Links Market: a unique Kirkcaldy tradition that flies under the radar
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Like any long-running spectacle, it’s not the same today - but nothing is if we measure our excitement levels against the first visit when we were wide-eyed nippers queueing for our first toffee apple or candy floss.
The funfair brings colour, noise and spectacle. It usually also brings rubbish weather, so you need three extra layers if you want to go on the big wheel.
My days of piling into a dodgem and imagining I was James Hunt on the start grid of an F1 race, or egging on the waltzer operators to spin us faster are long gone.
My other half and I took a stroll along the Esplanade at the weekend as the set-up began. It was fascinating to see the scale of the operation as lorries eased into position, and the workers crawled all over the rising structures of roller coasters and thrill-seeking rides. It was akin to watching a giant Meccano set coming to life.
We’ll go for a daunder along once the market is teeming with life, but that’s about it.
Our interest has waned, but that’s part of the cycle of life here - the dodgem seats are there for the next generation to fill. The market remains a rite of passage for teenagers who swarm in huge numbers as darkness descends and the music is pumped up, while also being a smashing day out for families.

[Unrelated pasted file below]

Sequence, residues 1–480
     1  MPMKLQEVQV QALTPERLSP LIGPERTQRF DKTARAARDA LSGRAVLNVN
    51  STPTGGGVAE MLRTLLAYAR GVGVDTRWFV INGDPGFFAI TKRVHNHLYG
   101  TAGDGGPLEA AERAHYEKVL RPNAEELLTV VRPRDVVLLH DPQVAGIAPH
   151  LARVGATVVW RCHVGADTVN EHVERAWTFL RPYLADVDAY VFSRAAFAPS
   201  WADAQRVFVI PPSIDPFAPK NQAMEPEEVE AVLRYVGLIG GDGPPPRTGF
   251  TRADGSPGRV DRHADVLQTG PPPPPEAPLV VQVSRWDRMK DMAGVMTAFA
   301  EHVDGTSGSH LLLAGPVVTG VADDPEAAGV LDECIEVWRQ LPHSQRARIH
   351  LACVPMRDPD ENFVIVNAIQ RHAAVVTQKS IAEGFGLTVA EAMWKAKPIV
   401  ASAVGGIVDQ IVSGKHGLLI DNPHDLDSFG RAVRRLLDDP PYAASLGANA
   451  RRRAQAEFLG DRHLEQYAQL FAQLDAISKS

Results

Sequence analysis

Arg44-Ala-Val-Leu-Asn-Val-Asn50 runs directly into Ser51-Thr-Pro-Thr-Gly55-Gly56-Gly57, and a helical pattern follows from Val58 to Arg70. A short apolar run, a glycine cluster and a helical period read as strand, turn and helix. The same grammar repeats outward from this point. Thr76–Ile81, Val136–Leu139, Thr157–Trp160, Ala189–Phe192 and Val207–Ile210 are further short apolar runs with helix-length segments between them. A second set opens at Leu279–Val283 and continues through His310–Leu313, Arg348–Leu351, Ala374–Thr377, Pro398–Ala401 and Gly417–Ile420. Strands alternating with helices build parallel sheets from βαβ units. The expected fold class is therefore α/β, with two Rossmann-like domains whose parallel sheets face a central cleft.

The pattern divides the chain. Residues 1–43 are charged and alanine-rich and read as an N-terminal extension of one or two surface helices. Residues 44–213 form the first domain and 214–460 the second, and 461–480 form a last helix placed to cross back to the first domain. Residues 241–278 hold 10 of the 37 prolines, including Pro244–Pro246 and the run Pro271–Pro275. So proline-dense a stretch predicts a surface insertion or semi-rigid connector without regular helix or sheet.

Sure, you can moan it’s all too expensive - that cry is heard every April - but no-one forces you to fork out a small fortune to be hurled several hundred feet into the air while hanging upside down.
The market remains very much part of the town, but it is diminishing as well as changing. When I first came here in 1986, the shows and stalls stretched all the way from B&Q – where Morrisons now sits – right along to Volunteers Green.
My first memories included the freak shows, of donkey rides along the Prom, motorbikes riding the wall of death, and traders flogging china and packs of towels from vans parked in between the slot machine stalls. Their patter was very much an integral part of the market. Today they are absent and silent.
The waltzers and dodgems still take me back to my childhood – powerful memories of hanging on for grim death as we spun 360, and collided head on – while the scent of candy floss, toffee apples and burgers is still like no other.
But, as it contracts, so too does its ability to captivate. Regardless of whether it still is Europe’s longest street fair, it feels dated when placed against the festive markets and continental fairs which have popped up in our major cities. Is it time for a re-boot for 2024 and beyond?
Maybe Kirkcaldy needs to be more than just a host, and look at what it can create around the market. Not everyone wants to scream and go faster, so is there is scope to bring the rest of the town centre to life while the funfair is in full flight? Love it or loathe it, we have something incredibly special here every April – we just need to make the most of it.